The report itself found that the number of customers receiving tailored assistance as compared to pre-PDF hardship assistance has increased dramatically. That is very positive. The framework requires retailers to proactively offer assistance at a number of junctures, yet still, more than 50 per cent of customers who are disconnected do not take up any assistance despite it being presented to them directly. It is difficult to see how that is a failure of the industry (and maybe, not of the energy system at all).
Importantly, as part of undertaking the review, the ESC engaged Orima to undertake a call recording study, publishing its findings alongside the final report. This study analysed the communication between retailers and 94 customers experiencing payment difficulty. While for obvious reasons the analysis didn’t include engagements between retailers and those customers who didn’t receive support, it allows stakeholders a unique opportunity to assess the quality of engagements between retailers and their customers when a customer is seeking assistance. It seems reasonable to suggest that it is likely that the analysed calls would be illustrative of a retailer’s engagements with other customers not part of the survey.
Orima found that in 90 per cent of calls where assistance was offered, customers were assessed as being ‘satisfied’ or ‘very satisfied’ with the support offered by the retailer. This does not appear reflective of a scenario where the actions of retailers might be seen as the cause of a significant proportion of customers failing to obtain assistance prior to disconnection.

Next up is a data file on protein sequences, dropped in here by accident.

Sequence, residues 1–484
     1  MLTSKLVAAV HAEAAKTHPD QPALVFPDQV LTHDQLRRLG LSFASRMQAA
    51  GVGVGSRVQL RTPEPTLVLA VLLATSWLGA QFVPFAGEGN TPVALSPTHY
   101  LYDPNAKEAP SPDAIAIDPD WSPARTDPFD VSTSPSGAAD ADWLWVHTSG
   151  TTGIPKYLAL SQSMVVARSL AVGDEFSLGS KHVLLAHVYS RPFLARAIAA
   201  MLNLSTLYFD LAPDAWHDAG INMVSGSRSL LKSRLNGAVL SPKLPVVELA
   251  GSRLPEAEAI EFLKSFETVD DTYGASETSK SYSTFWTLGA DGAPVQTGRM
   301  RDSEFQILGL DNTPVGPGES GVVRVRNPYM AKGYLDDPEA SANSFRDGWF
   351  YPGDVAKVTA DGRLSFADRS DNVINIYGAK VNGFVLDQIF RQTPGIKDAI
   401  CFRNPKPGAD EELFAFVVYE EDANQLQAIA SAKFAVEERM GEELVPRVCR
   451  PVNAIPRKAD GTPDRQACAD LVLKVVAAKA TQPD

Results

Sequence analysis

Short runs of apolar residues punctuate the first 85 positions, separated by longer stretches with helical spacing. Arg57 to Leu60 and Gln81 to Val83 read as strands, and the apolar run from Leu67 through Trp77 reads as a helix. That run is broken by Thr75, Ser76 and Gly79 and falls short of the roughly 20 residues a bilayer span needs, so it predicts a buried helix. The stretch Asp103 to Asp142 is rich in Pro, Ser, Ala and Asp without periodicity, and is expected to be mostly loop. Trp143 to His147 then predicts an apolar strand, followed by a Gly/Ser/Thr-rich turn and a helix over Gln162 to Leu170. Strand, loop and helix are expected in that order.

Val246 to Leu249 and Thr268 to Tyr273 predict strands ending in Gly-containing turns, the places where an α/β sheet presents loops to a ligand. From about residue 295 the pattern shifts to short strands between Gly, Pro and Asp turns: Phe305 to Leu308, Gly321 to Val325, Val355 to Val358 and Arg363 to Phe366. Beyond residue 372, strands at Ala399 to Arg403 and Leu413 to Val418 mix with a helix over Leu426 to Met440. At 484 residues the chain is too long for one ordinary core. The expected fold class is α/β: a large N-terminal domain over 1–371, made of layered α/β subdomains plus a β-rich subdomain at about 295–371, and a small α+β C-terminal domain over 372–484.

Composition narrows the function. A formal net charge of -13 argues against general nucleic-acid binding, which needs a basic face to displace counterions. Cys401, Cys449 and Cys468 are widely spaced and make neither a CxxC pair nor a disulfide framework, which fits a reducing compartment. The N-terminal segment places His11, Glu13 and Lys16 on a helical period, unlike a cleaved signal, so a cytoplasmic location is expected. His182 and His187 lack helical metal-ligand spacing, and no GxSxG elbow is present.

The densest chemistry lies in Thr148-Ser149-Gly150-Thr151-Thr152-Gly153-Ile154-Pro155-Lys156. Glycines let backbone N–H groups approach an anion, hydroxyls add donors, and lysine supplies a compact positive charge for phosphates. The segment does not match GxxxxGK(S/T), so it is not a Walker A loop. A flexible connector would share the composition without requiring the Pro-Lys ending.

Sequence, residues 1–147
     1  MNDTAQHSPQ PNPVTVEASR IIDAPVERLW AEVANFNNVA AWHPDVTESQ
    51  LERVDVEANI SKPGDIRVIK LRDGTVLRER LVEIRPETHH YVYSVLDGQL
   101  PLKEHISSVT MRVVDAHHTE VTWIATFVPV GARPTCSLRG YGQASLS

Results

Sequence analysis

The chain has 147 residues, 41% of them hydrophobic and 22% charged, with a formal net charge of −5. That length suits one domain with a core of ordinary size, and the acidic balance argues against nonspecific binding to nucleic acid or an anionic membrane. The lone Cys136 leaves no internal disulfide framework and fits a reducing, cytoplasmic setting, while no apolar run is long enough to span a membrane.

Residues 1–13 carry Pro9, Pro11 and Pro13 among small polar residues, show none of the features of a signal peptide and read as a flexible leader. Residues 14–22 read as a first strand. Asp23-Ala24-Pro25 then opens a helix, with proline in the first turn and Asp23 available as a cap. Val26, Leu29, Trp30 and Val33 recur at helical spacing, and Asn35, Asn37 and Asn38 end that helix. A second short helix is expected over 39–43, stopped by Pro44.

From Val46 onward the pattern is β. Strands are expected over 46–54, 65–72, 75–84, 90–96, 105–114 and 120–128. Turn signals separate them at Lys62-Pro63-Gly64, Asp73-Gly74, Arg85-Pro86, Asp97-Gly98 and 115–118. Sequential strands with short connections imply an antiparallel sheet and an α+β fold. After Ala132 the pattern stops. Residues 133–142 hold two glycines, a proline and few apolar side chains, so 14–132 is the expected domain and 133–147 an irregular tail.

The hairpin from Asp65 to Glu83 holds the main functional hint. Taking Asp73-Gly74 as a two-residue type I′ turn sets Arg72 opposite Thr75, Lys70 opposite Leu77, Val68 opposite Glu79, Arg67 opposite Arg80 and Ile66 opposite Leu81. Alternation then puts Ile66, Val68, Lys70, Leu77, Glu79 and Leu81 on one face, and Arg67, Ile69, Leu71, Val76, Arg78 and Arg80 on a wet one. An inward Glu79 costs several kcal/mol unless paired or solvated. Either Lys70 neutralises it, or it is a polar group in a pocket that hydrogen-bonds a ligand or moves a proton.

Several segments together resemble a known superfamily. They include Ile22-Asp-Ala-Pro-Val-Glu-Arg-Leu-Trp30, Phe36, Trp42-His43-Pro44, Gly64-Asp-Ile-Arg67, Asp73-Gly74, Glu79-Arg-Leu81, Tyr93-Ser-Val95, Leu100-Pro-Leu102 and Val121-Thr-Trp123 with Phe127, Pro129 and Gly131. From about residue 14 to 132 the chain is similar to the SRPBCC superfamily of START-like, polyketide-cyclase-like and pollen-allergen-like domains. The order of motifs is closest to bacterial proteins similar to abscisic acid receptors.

Further, in almost all calls, operators were found to have been respectful of customers (98 per cent), to have listened to and acknowledged the customer (95 per cent), and to have provided support to the customer (94 per cent). In only 2 per cent of calls the operator was assessed as dismissive, and in 1 per cent of calls the operator was assessed as judgemental.
So, if 90 per cent of customers are satisfied with the assistance they have been offered, and a minute percentage of customers had a negative experience when seeking assistance, how might retailers do more to engage those who did not receive assistance prior to disconnection?
Vague statements suggesting retailers can or should “do more” does not add much insight into the actionable steps that might be taken to improve outcomes for customers.
The Orima research clearly indicates that retailers have taken great leaps in their customer service and support, for which the industry should be congratulated. But the media release doesn’t mention the positive experiences of customers engaging with their retailers and isn’t discussed in the report itself until page 15.